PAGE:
Opioid Crisis

Capital RD

Whereas it is understood that opioid addictions continue to cause an ever growing record number of heart breaking deaths and debilitations across the country; And whereas while we understand the Government of Canada and the Province of British Columbia have recognized these impacts, it remains critically important to advocate for a national public health emergency through the municipal voices provided by the Union of British Columbia Municipalities UBCM and the Federation of Canadian Municipalities FCM: Therefore be it resolved that UBCM requests the Government of Canada and the Province of British Columbia declare the overdose crisis a national public health emergency and develop appropriate comprehensive, holistic Pan-Canadian overdose action plans that include the legislative and funding frameworks for decriminalization, de-stigmatization, safe supply, suitable medical treatments and thereby function to holistically address the opioid crisis, mental health issues and their connections to homelessness and overdose deaths in local governments across Canada.

Provincial Response

Ministry of Mental Health and Addictions The Government of BC is working closely with the Government of Canada on a number of jurisdictional issues related to the federal Controlled Drugs and Substances Act to identify shared priorities and opportunities to collaboratively address the ongoing drug toxicity crisis. BCs Provincial Health Officer declared a public health emergency in 2016 due to rising illicit drug toxicity deaths, and the Government of BC is supportive of all action at a federal level to continue to address drug toxicity crisis in partnership. BC has moved away from urging the federal government to declare the toxic drug crisis a national public health emergency. The Emergencies Act formerly known as the War Measures Act and under which a national public health emergency would be declared, is intended to provide a short-term response and to provide authority and capacity to respond which is beyond that which the province has. It has never been used, including in response to COVID-19. The legislation is not set up for this type of long-term public health emergency and would offer us no advantages, such as new resources. Since 2017, the Government of BC has accelerated its response to the toxic drug crisis by investing a total of 938 million to expand existing services and add new resources across the full spectrum of substance use care. A Pathway to Hope, released by the Government of BC in 2019, sets the 10-year vision for a new system of mental health and substance use care, with an emphasis on prevention, promotion, early intervention and integrated services, that builds on existing initiatives and implements new, innovative approaches. On March 26, 2020, the Government of BC released new clinical guidance in direct response to the COVID-19 pandemic to help reduce the risks to people who use substances and the disproportionate harms caused to substance users by the need to isolate and quarantine to stem the spread of the virus. Risk Mitigation in the Context of Dual Public Health Emergencies works to reduce the risk of COVID-19 transmission and infection, while outlining steps prescribers, pharmacists, and care teams can take to support people who use substances through the provision of safe prescription alternatives to illicit drugs and telemedicine for clinical assessments. On April 14, 2021, the Government of BC announced it will request a federal exemption from Health Canada to decriminalize personal possession of drugs in the province to remove the shame that often prevents people from reaching out for life-saving help. BC is working with partners on this application and the Solicitor General sent a letter to police chiefs asking police to focus on more serious crimes and align more with harm-reduction principles. On July 15, 2021, the BC Government released a first in Canadian policy guidance to reduce toxic drug-related injuries and deaths through the provision of a prescribed safer supply of medications as an alternative to highly toxic illicit drugs the next phase in risk mitigation following the March 2020 guidance. Budget 2021 provides 22.63 million over three years and implementation is underway in each Health Authority region. The Government of BC looks forward to continued collaboration with the Government of Canada to advance initiatives such as the decriminalization of drug possession that require bilateral collaboration.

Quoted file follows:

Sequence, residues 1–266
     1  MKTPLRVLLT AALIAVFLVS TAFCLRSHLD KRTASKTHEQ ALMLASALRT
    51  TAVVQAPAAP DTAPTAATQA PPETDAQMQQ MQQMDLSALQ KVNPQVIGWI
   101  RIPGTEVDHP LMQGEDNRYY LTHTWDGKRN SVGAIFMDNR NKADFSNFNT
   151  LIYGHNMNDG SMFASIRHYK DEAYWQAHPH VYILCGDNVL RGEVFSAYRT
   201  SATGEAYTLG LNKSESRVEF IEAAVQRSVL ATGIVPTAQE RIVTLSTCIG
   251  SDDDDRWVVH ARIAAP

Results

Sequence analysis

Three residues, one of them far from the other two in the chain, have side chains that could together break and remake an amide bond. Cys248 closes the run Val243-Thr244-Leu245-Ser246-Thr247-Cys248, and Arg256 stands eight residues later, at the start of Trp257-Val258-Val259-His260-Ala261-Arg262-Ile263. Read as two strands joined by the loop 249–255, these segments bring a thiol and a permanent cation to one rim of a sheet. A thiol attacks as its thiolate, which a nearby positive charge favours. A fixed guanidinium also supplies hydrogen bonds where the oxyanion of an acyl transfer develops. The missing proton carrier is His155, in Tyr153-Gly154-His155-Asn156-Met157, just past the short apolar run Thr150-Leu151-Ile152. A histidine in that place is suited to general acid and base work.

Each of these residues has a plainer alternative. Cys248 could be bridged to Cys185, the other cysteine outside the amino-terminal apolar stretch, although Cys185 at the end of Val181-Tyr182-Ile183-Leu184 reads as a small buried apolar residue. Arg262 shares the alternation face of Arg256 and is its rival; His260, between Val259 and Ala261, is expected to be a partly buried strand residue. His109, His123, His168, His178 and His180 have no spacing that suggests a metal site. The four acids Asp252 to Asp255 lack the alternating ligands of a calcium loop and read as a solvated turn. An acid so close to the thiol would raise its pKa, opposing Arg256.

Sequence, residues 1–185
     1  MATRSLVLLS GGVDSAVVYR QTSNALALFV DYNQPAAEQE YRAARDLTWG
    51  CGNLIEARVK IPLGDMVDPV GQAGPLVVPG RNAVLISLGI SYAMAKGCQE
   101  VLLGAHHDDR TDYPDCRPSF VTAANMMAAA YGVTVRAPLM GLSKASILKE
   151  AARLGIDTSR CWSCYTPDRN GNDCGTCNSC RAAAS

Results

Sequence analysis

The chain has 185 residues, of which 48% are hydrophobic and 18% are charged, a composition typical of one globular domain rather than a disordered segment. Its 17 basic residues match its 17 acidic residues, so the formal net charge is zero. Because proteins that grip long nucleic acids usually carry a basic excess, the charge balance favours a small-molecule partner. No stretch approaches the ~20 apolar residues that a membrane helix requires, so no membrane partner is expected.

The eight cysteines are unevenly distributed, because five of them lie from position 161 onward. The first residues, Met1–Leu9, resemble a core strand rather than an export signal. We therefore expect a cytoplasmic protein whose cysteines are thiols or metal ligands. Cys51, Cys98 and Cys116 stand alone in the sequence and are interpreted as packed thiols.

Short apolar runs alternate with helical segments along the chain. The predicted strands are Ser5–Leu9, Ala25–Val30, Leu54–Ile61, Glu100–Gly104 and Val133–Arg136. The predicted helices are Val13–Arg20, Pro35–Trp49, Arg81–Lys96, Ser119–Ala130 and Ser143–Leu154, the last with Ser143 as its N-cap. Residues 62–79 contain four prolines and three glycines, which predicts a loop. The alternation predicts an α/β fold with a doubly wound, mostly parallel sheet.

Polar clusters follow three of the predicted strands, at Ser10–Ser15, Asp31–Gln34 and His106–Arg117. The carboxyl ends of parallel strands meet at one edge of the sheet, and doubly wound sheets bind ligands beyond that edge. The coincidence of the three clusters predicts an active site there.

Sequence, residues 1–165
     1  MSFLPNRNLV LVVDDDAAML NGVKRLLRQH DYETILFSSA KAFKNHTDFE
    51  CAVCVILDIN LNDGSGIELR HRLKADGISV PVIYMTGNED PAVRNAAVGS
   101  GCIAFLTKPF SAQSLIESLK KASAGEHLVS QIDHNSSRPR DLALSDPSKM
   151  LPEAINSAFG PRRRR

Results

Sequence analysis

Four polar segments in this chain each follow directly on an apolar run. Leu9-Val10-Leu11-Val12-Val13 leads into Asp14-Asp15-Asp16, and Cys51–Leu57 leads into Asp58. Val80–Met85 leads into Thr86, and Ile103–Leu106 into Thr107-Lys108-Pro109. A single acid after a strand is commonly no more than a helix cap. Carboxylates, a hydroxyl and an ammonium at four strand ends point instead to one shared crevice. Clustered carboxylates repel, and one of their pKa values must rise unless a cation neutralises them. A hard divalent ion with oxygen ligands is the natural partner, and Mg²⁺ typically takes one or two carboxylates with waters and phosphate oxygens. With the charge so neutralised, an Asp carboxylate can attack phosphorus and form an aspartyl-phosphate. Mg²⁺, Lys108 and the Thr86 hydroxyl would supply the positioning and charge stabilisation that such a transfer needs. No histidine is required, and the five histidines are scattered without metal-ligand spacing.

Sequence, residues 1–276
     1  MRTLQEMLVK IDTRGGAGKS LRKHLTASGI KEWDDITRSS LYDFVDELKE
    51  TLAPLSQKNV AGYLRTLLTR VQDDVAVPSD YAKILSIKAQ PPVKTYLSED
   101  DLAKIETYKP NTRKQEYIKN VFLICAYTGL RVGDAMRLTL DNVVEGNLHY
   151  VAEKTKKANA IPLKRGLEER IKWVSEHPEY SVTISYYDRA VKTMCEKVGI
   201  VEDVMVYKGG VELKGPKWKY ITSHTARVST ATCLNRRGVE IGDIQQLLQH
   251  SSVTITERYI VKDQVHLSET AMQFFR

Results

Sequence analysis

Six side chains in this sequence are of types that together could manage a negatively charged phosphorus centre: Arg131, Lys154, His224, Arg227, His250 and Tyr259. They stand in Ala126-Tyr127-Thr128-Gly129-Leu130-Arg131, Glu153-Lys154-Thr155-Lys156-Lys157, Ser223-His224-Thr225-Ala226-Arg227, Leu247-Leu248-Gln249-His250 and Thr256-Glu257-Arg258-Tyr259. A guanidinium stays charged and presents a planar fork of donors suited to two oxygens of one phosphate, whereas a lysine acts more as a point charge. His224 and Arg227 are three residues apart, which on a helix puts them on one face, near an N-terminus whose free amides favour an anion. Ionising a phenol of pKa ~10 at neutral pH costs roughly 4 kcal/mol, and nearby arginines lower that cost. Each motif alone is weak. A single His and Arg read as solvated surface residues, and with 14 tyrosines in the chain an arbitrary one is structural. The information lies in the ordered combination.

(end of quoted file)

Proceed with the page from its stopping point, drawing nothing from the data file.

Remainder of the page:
Convention Decision